An Oregon state police trooper at the scene of the Jan. 26, 2016 shooting of refuge occupation spokesman Robert “LaVoy” Finicum told investigators that he believed another state police officer fired the shot that struck the roof of Finicum’ struck, and not an FBI agent, according to court records filed Thursday.
Yet prosecutors are asking a judge to prevent the trooper from sharing his opinion at the trial of indicted FBI Agent W. Joseph Astarita, arguing that it’s not supported by facts and based largely on speculation.
Astarita is accused of denying that he fired two shots as Finicum emerged from his pickup truck at the police roadblock on the day the FBI and state police moved in to arrest leaders of the armed occupation of the Malheur National Wildlife Refuge. One shot hit the roof of Finicum’s truck and a second missed entirely, investigators said.
Astarita, a member of the FBI’s elite Hostage Rescue Team, has pleaded not guilty to three counts of making a false statement and two counts of obstruction of justice.
The statements by the state police officer identified only as “Trooper 3,” as revealed in court documents, come less than three weeks before Astarita’s trial is set to start on July 24. They would bolster Astarita’s defense as his lawyers have signaled that they’ll argue that a state police SWAT officer may have fired the two shots in question, not Astarita.
Trooper 3 was one of two state police SWAT operators at a police roadblock on U.S. 395 when Finicum drove his truck into a snowbank to avoid the officers. Trooper 3 was standing in the tree line to the west of where Finicum’s truck came to rest.
During a recent interview with investigators preparing for trial, Trooper 3 said he believed that another state police SWAT officer, identified as “Trooper 1,” and not Astarita, fired what he believed was a single shot that struck the roof of Finicum’s truck.
Trooper 3 shared his opinion with state police forensic scientists and detectives, and with several FBI Hostage Rescue Team agents in the days following the shooting, according to prosecutors.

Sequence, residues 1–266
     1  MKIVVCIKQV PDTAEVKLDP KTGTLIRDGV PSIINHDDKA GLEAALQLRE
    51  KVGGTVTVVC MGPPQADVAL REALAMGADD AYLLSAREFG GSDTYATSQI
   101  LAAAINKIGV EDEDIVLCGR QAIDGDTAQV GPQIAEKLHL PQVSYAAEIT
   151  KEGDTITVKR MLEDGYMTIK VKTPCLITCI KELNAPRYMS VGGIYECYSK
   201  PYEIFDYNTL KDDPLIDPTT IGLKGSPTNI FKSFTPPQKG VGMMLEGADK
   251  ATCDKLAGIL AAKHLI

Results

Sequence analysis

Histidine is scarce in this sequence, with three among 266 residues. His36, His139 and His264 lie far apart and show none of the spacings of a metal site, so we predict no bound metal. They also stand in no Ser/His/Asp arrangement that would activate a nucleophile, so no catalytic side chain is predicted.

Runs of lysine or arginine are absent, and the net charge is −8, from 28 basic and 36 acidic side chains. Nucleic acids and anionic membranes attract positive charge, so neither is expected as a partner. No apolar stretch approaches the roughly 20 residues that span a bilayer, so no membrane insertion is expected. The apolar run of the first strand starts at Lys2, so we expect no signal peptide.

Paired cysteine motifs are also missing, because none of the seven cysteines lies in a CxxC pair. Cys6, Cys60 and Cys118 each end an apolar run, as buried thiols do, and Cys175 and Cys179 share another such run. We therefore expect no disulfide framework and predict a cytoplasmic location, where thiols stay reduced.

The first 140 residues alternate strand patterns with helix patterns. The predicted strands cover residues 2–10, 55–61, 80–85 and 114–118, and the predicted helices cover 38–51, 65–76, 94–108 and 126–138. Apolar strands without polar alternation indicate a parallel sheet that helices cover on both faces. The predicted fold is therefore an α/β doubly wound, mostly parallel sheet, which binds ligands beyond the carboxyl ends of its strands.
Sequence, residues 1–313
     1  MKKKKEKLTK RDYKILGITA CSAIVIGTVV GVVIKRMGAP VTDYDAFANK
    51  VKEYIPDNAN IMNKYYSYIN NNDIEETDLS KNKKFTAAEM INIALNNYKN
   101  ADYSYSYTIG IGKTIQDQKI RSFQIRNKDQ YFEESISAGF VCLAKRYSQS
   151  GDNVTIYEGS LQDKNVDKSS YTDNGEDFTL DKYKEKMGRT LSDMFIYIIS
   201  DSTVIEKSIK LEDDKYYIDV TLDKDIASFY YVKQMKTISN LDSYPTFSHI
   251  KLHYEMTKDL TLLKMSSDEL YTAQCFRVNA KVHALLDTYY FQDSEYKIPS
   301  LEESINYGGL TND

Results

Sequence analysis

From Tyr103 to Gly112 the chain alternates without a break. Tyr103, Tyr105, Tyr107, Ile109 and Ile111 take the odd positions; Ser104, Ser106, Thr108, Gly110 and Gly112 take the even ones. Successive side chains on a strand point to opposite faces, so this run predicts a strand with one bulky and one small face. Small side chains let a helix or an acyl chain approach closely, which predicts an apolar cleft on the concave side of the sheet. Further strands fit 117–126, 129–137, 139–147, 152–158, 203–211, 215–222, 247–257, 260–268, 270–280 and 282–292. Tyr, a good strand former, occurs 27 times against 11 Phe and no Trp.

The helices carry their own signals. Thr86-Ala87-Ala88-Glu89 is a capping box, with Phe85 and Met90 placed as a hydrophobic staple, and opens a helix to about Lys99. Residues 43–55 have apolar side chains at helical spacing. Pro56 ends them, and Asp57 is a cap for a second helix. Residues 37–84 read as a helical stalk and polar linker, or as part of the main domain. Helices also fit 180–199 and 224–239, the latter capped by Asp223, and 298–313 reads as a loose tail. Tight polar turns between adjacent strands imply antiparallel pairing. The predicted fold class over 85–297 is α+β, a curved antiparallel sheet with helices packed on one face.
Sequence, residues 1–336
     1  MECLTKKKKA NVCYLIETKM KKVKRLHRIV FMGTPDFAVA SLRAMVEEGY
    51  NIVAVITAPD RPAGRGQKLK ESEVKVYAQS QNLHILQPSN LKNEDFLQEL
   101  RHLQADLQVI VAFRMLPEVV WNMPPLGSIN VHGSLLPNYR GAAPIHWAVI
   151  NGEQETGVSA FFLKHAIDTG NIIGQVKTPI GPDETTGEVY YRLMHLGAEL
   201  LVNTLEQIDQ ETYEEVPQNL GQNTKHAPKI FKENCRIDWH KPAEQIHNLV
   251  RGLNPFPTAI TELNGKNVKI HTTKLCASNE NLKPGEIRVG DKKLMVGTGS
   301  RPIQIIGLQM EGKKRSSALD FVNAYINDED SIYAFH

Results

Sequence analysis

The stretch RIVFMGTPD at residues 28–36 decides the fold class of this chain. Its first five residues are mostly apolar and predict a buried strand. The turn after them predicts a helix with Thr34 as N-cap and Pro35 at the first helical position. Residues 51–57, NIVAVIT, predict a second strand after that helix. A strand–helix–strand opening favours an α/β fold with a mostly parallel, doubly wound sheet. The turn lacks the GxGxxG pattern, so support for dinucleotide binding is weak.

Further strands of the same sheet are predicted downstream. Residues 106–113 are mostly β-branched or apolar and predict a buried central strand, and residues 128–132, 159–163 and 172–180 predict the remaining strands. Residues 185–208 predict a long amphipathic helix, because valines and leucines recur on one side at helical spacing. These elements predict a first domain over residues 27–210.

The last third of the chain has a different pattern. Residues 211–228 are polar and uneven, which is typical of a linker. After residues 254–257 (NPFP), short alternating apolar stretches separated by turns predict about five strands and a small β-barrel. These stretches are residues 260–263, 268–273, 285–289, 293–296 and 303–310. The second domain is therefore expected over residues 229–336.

According to prosecutors, Trooper 3 partly based his opinion on a belief that the FBI agents at the scene were using 55 grain fully jacketed .223-caliber ammunition, having seen such bullets at the operations center in Burns. Trooper 3 did not believe that such rounds had the capacity to pierce the roof of Finicum’s truck and remain intact to shatter the left rear window of Finicum’s truck. He believes that the 64 grain Federal bonded rounds that state police use were more likely to stay intact after going through a vehicle’s sheet metal.
Though the government plans to call Trooper 3 as one of its witnesses, asking him what he saw and heard, prosecutors want a judge to prevent Astarita’s lawyers from eliciting testimony from the trooper about his opinion on who fired the disputed shots.
Prosecutors Gary Sussman and Paul Maloney argue that Trooper 3’s testimony should be limited, as he’s not an expert in ballistics and did not see the shots in question as his view was obscured by Finicum’s truck.
Astarita’s defense lawyer David Angeli declined to comment Thursday. But the defense is likely to challenge the prosecution’s attempt to limit their questioning of Trooper 3. The defense had unsuccessfully attempted to limit testimony of several government expert witnesses, including a Deschutes County sheriff’s deputy.
Prosecutors contend that Trooper 1 who was standing near Astarita admitted immediately to firing five shots -three earlier shots as Finicum’s truck was heading toward the roadblock and later fired two shots that struck and killed Finicum. Finicum had stepped away from his truck and was seen reaching into his jacket where he had a loaded handgun, investigators said. An inspection of Trooper 1’s rifle magazine was consistent with his statement, prosecutors have said.
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